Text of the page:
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Diagnosis of Hepatitis C (HCV)

Robert Hindes MD

The co-founder of Trek Therapeutics, Robert Hindes, MD, was previously Group Director of Virology at Connecticut-based Bristol-Myers Squibb. Now the chief medical officer of Trek, Robert Hindes, MD, focuses on the creation of accessible, affordable, and innovative treatments for hepatitis C (HCV), which affects over 3.2 million people in the United States alone.

HCV is typically diagnosed via two blood tests: the antibody and PCR tests.

The antibody test reveals infection with HCV by searching for the presence of relevant antibodies in the blood stream. If antibodies are present, it indicates that the person has had active infection at some point, but the presence of antibodies is not sufficient to determine if an individual has a currently active infection. Further, since there may be up to 2 months between the time of infection and detection of antibodies, a negative test does not necessarily establish the absence of infection in an individual who had recent exposure. As such, those who have HCV symptoms but who test negatively should be retested at a later date.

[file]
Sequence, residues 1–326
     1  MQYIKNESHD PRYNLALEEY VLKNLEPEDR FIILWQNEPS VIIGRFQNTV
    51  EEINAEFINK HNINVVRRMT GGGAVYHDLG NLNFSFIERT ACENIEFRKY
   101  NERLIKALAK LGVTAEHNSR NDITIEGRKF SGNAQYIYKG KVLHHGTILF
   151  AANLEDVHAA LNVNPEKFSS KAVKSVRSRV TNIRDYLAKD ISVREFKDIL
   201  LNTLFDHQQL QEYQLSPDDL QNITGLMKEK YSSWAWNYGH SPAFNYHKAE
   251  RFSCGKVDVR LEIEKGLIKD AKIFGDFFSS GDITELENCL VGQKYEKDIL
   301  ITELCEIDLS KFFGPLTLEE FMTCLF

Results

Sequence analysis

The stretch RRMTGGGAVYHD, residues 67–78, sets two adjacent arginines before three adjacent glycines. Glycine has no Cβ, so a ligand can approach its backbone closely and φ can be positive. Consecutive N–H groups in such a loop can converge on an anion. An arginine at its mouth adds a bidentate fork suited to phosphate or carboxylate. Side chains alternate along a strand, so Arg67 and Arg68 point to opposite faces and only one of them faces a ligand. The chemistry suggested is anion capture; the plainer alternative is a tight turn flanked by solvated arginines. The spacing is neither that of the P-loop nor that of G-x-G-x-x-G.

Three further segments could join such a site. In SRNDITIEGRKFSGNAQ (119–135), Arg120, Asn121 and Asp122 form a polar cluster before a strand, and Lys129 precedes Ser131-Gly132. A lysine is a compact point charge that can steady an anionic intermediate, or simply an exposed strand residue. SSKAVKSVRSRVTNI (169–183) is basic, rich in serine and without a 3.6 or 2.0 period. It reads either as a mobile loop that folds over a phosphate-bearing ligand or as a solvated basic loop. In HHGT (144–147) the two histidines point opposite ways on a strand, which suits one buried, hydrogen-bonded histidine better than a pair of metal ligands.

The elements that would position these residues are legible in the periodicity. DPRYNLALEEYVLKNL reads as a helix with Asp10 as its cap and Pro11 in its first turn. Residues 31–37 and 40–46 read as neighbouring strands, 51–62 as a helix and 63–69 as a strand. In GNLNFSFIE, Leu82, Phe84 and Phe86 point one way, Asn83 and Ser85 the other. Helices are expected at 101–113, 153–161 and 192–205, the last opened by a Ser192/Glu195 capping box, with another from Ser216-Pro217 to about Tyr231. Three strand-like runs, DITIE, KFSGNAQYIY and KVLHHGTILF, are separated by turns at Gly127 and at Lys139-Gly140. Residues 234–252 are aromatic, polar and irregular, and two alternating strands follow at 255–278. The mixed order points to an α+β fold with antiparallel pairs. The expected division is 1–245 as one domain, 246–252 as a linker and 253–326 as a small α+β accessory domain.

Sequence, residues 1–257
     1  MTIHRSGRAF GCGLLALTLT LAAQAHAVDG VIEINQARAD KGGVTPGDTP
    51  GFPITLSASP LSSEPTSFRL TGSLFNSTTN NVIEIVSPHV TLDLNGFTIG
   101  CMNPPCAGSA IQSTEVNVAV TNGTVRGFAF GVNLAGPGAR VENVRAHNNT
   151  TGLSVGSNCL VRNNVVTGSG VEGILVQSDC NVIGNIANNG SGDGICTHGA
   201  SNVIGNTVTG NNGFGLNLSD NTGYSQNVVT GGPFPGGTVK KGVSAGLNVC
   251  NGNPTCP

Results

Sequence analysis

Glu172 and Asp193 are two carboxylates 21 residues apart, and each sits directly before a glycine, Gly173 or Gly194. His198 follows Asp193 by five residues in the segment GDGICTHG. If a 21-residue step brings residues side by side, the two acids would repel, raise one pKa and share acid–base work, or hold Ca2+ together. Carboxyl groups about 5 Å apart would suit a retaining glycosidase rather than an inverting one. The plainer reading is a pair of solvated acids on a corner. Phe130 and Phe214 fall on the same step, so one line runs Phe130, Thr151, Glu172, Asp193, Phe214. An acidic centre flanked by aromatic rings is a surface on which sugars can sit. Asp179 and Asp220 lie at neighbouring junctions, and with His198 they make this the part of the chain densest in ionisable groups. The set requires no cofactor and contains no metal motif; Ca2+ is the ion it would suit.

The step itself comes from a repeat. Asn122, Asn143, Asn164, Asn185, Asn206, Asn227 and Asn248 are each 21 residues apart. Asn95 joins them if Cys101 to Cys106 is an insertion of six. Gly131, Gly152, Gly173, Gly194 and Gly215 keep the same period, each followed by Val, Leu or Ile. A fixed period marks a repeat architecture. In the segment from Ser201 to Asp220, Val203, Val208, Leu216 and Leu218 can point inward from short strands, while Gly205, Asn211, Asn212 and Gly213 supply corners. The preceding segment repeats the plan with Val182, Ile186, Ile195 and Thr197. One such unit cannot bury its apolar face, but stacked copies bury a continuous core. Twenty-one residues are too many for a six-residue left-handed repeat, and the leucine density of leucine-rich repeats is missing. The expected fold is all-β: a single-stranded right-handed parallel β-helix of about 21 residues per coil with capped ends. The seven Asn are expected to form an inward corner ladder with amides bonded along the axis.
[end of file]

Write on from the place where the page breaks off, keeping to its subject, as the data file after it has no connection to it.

Following a positive antibody test, patients undergo PCR blood tests, which determine if HCV is reproducing in the body. A positive PCR test confirms active infection is present in the liver, and the infected individual is at risk for disease progression leading to cirrhosis or liver failure.

 

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